• Special features: Signature model
  • Case: Hardshell case
  • Accessories: User's manual, truss-rod tool
  • Country of origin: United States

Gibson Custom Alex Lifeson Les Paul Axcess
Gibson Custom Alex Lifeson Les Paul Axcess

Gibson Custom Alex Lifeson Les Paul Axcess

Let me start here by saying this is, out of the hundreds of guitar models I regularly think about, one of my very favorite of all. I absolutely love traditional Gibson guitars, and especially Les Paul guitars. This guitar is not even close to being traditional though. This is more like a space age guitar.

This exact guitar has more bells and whistles, and more tonal variety, which should you play one, would be at your fingertips, than just about anything else available from any manufacturer in the world. You do have to pay for it, though, the guitar isn't inexpensive. For being a Gibson LP and with all this stuff on it, the price is realistic.

Alex Lifeson is really very very fond of using the whammy bar. His preference for Gibson guitars had ended right there in the past. Gibson purists object whole heartedly to the presence of double or even single action trem bars on classic models. Well, Alex is a bit too progressive for them, and this is, in the most apolitical way imaginable, a progressive product.

Would you believe there are two output jacks? There are. Find another electric with such a setup. The wiring here is incredibly complex for a guitar. There is the typical output jack, and then there is the 'Life of Sound' one for the piezo 'ghost pickups.'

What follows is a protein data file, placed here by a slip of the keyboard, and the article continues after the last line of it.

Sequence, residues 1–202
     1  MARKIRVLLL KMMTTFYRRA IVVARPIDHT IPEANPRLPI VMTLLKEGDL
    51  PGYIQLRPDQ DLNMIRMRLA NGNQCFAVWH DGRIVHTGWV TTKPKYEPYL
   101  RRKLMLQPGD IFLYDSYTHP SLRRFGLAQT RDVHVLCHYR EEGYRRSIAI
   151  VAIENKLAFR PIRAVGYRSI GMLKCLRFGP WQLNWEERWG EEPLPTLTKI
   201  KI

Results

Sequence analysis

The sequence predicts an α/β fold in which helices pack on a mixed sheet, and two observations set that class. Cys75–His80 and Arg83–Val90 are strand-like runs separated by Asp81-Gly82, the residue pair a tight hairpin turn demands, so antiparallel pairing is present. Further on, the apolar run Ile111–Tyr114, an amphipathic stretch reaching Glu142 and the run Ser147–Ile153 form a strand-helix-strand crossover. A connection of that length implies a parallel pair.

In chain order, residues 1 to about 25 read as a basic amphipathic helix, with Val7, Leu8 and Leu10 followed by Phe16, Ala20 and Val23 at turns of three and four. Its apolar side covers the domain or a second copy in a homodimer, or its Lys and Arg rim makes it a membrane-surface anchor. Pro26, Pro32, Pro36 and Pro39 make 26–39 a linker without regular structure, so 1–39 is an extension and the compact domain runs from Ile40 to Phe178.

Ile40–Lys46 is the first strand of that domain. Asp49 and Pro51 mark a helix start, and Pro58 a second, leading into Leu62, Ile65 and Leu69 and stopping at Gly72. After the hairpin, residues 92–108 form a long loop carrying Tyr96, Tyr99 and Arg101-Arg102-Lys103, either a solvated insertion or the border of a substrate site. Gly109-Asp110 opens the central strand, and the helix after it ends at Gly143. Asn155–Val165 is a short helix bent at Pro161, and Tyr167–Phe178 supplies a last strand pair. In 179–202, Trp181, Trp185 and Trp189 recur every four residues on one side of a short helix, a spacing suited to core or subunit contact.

The neck joint is non-traditional and is what is referred to here with the term 'axcess.' You have greater access to the upper frets, and the x used instead of two c's in the term is a play on the word 'ax,' a term often used for guitars. The whammy bar is double action, and licensed by Floyd Rose.

You have the option to run the humbucker pickups in series or parallel. The Jimmy Page Lesters offer this option, and so does Alex Lifeson's Axcess. The humbuckers are 496R ceramic-magnet neck humbucker and 498T Alnico V bridge humbucker. The ghost pickup piezos are by Graph Tech, and can simulate most wonderfully, a flat top acoustic steel string guitar.

For Alex Lifeson, and all those hundreds of complex songs, this guitar can do more of the job for him than any other. It's going to cost you a lot of money. If money isn't really that big a deal, then you may as well go even more all out, and get the 40th anniversary model with a quilted maple top.

Gibson Custom Alex Lifeson Les Paul Axcess features:


  • Body shape: Single cutaway
  • Body type: Solid body
  • Body material: Solid wood
  • Top wood: Maple Figured
  • Body wood: Mahogany
  • Body finish: Gloss
  • Orientation: Right handed


  • Neck shape: Rounded Axcess
  • Neck wood: Mahogany
  • Joint: Set-in
  • Scale length: 24.75"
  • Truss rod: Standard
  • Neck finish: Gloss


  • Material: Rosewood
  • Radius: 12"
  • Fret size: Medium jumbo
  • Number of frets: 22
  • Inlays: Trapezoid
  • Nut width: 1.687" (42.8mm)


  • Configuration: HH
  • Neck: 496R Ceramic magnet
  • Middle: Not applicable
  • Bridge: 498T alnico #5
  • Brand: Gibson
  • Active or passive: Passive
  • Series or parallel: Switchable
  • Piezo: Yes
  • Active EQ: No
  • Special electronics: Dual outputs Regular and Life-O-sound


  • Control layout: Volume 1, volume 2, tone 1, tone 2
  • Pickup switch: 3-way
  • Coil tap or split: No
  • Kill switch: No


  • Bridge type: Tremolo/Vibrato
  • Bridge design: Floyd Rose with locking nut
  • Tailpiece:
  • Tuning machines: Kluson
  • Color: Chrome


  • Number of strings: 6-string